What are the consequences of not paying off a payday loan?
You will be referred to the payday lender's collections department.
If you fail to pay back your payday loan you will be sent to the payday lender's collections department. And they will start to contact you--probably repeatedly.
Collections practices in the payday lending industry has similarities to collections practices in some other industries, but there are a few key differences.
A Few Similarities
Like all collections agencies, payday lenders are interested in collecting outstanding fees and the balance of the borrower's loan. They want their money. Like other collection agencies, payday lenders' collection departments are bound by Federally mandated rules of conduct, called the "Fair Debt Collection Practices Act" or just FDCPA. The full text of the act can be found at http://www.ftc.gov/os/statutes/fdcpa/fdcpact.htm and is written in plain, clear language defining "dos" and "don'ts" for debt collectors. (Note: While the language in this document is clear we are not legal counsel so we cannot vouch for how various portions of this document have been interpreted and upheld by the courts.)
A Few Differences
(A) There is a common feeling from borrowers that are behind in their payments that payday lenders are more aggressive in their collections policies than other industries. It has been widely reported that payday lenders will call people multiple times per day--at home, at work, or by cell--to request payment. This "more agressive" behavior is to be expected--while unwanted--as payday lenders are normally engaged in loaning funds to high-risk clientele.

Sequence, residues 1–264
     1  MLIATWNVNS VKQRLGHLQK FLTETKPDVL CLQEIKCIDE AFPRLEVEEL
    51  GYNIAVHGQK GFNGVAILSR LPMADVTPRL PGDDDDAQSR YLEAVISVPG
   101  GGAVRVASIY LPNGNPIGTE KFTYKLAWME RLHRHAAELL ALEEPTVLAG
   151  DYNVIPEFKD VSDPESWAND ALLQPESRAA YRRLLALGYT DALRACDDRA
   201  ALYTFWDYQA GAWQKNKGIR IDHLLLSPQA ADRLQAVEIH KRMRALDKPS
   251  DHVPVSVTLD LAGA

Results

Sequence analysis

(B) Payday lenders usually have the borrower's check (given to them as collateral by the borrower) to deposit. If the loan itself (or the fees, in some States) are not paid voluntarily by the borrower, many payday lenders will deposit the check to withdraw the loan amount out of the borrower's checking account on payday. (This is normally part of the agreement made by the borrower when he or she agrees to the loan.) If funds are not available (non-sufficient funds or NSF), the check will "bounce" and the borrower will not only still owe the balance of the payday loan (and possibly fees) but will now also owe any NSF fees from his or her bank.
(C) Due to the relatively small value of the loan (usually less than $300), payday lenders have extra incentive to collect--the $300 amount is not enough to automatically sue a person over. Instead, it is more cost-effective to be aggressive in the collections process before "writing off" the loan amount.
(D) Most payday lenders do not report non-payment to the standard U.S. credit agencies. The payday lender may, however, report a non-paying customer to TeleTrack, DP Bureau, or another payday-industry related payment tracking firm. This reporting ensures that the person who didn't pay back the loan will be "tagged" in these systems--in wide use throughout the industry--as being associated with an unacceptible lending risk.
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